Japanese tech giant Softbank is the new owner and said the deal – reported to be worth more than US$100mln – will help to keep it at the forefront of “the next wave of smart robotics”.
Not commercially viable
Boston Dynamics’ eye-catching robots – which include the dog-like Spot, a life-sized humanoid called Atlas and a sprinting cheetah – have often been in the headlines.
But despite their fame on social media sites such as YouTube, Alphabet has been unable to turn them into a viable business and put the division up for sale back in 2016.
SoftBank – which bought British microchip company ARM Holdings for US$32bn last year – is known for its outlandish bets on long-term ideas, while its eccentric chief executive, Masayoshi Son, has made no secret of his enthusiasm for robots.
“Today, there are many issues we still cannot solve by ourselves with human capabilities,” said Son.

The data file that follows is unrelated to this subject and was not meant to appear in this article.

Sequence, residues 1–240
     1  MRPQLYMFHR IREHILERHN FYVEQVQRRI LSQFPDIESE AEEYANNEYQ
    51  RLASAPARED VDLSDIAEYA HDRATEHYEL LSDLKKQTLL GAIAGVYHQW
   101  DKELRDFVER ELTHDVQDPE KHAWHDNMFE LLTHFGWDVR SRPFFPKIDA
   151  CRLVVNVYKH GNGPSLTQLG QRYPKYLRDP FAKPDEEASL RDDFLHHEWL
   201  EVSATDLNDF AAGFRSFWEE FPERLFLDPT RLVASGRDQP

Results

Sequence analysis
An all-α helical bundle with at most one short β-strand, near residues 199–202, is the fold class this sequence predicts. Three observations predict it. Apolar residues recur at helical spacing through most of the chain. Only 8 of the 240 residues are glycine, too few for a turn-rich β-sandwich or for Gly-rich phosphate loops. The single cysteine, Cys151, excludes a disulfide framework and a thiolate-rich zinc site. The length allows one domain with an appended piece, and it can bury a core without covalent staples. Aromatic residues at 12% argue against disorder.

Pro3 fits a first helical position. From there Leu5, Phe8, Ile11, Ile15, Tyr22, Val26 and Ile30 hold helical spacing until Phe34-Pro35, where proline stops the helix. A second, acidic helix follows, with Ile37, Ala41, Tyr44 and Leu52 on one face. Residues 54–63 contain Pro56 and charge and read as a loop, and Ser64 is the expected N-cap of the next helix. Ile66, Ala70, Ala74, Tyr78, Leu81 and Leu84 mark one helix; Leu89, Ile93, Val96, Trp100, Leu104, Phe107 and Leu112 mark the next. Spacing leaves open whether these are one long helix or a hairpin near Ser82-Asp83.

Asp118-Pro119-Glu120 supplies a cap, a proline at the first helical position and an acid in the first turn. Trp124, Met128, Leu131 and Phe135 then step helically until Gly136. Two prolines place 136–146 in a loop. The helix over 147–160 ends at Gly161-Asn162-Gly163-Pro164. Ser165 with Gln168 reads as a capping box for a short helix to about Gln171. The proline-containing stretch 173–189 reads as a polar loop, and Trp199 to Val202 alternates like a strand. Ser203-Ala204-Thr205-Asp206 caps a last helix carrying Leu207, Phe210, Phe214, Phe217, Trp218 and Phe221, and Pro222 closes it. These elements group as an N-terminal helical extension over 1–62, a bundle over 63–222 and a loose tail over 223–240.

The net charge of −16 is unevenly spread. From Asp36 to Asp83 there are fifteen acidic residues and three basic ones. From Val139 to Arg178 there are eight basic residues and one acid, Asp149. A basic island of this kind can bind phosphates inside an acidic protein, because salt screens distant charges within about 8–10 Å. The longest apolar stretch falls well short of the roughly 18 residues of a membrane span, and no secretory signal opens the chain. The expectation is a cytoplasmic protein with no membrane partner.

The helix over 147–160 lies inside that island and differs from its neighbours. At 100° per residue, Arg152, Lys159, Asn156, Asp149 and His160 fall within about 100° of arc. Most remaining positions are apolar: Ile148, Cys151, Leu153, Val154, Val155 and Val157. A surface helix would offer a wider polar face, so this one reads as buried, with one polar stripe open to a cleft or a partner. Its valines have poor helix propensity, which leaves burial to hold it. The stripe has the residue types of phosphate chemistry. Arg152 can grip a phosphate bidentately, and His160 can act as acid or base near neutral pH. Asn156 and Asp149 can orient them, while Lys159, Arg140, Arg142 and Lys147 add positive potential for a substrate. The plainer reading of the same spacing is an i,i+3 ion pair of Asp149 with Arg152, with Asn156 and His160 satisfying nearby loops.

“Smart robotics are going to be a key driver of the next stage of the information revolution, and Marc [Reibert] and his team at Boston Dynamics are the clear technology leaders in advanced dynamic robots.”
Swift exit from robot space
Under the deal, SoftBank will also acquire another of Alphabet’s robotics business Schaft.
Alphabet snapped Schaft up back in 2013 as part of a broader push into the field of robotics, which saw the tech giant invest in another seven robotics firms that same year.
That approach was led by Andy Rubin, the former leader of Google’s Android mobile unit, although he left not long after to set up his own smartphone firm.
Following Rubin’s departure and the recent group restructuring, robots have taken a back seat, with Alphabet now seemingly more intent on developing it driverless cars and artificial intelligence.